Vaduz and Liechtenstein
The average tourist blows through Liechtenstein seeking only a glance at its castle and a stamp in his passport. But stay a while; there’s really much more to see than that. Concentrated in this compact country are a number of worthwhile attractions – a cheerful town center, a prince’s art collection, a royal wine cellar, and an all-season wilderness playground.
Liechtenstein Orientation, Economy and People
Measuring only 25 km long and six km wide, Liechtenstein squeezes its 160 square miles between Switzerland to the west and Austria to the east. Half of the principality’s territory is mountainous; the other half, pasturelands reclaimed with dikes from the once-unruly Rhine. The principality is divided into two sectors, the Unterland to the south and the Oberland to the north, and a total of 11 communities. The largest communities – Vaduz, Triesen, Schaan, and Balzers – line the Rhine at the foot of the mountains toward the south end of the small country. Up the steep mountain road from Triesen are several smaller villages: Triesenberg, Steg, and Malbun.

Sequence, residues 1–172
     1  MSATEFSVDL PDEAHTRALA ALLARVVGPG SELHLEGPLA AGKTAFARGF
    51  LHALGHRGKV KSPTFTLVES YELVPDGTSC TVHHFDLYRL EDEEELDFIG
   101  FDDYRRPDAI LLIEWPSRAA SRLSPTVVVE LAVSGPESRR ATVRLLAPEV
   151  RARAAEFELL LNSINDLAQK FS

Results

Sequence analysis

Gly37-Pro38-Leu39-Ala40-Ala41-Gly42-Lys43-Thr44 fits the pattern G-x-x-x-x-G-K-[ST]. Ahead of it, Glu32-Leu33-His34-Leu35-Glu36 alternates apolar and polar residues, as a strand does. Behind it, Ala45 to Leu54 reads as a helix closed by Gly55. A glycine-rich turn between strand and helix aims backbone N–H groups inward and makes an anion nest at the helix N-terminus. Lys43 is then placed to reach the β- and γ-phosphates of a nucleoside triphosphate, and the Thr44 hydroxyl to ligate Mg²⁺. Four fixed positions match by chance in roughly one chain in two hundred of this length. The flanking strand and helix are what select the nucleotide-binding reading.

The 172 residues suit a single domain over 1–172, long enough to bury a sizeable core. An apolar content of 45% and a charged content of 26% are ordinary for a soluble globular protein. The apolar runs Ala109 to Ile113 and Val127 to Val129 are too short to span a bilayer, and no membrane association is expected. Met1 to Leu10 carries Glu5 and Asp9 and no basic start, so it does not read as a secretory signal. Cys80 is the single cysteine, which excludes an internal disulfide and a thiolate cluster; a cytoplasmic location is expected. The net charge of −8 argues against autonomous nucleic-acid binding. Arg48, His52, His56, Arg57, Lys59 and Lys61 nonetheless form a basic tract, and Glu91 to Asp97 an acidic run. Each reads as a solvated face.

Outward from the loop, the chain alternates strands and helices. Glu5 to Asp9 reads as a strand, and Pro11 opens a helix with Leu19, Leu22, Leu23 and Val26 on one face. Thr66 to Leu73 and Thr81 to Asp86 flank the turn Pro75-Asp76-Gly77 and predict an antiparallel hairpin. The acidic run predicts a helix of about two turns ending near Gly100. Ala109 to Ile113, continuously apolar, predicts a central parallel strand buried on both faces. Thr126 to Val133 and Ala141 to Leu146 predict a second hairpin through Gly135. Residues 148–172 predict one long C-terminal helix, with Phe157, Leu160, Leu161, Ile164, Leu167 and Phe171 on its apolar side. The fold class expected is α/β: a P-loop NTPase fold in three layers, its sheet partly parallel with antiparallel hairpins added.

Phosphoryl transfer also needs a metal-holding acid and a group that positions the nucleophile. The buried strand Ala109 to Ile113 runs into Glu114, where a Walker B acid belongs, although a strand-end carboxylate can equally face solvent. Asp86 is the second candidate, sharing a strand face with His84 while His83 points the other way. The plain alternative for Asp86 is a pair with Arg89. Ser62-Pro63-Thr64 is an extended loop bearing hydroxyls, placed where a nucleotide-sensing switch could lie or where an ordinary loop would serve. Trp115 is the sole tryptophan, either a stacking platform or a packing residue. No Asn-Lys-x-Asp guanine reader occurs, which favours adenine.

Liechtenstein joined the United Nations in 1990 and the European Economic Area in 1995. Today it enjoys a prosperity founded largely on tourism, wine production, and manufacturing.
The banking business has boomed in the past several years, doubling total deposits between 1995 and 2001 and increasing the number of banks here from three to 17. Liechtenstein remains an attractive haven for tax-avoiding businesses (both real and paper), and boasts an unemployment rate of just 1.2%. The country’s population is 80% Catholic, 7% Protestant, and 13% of other religious orientations.
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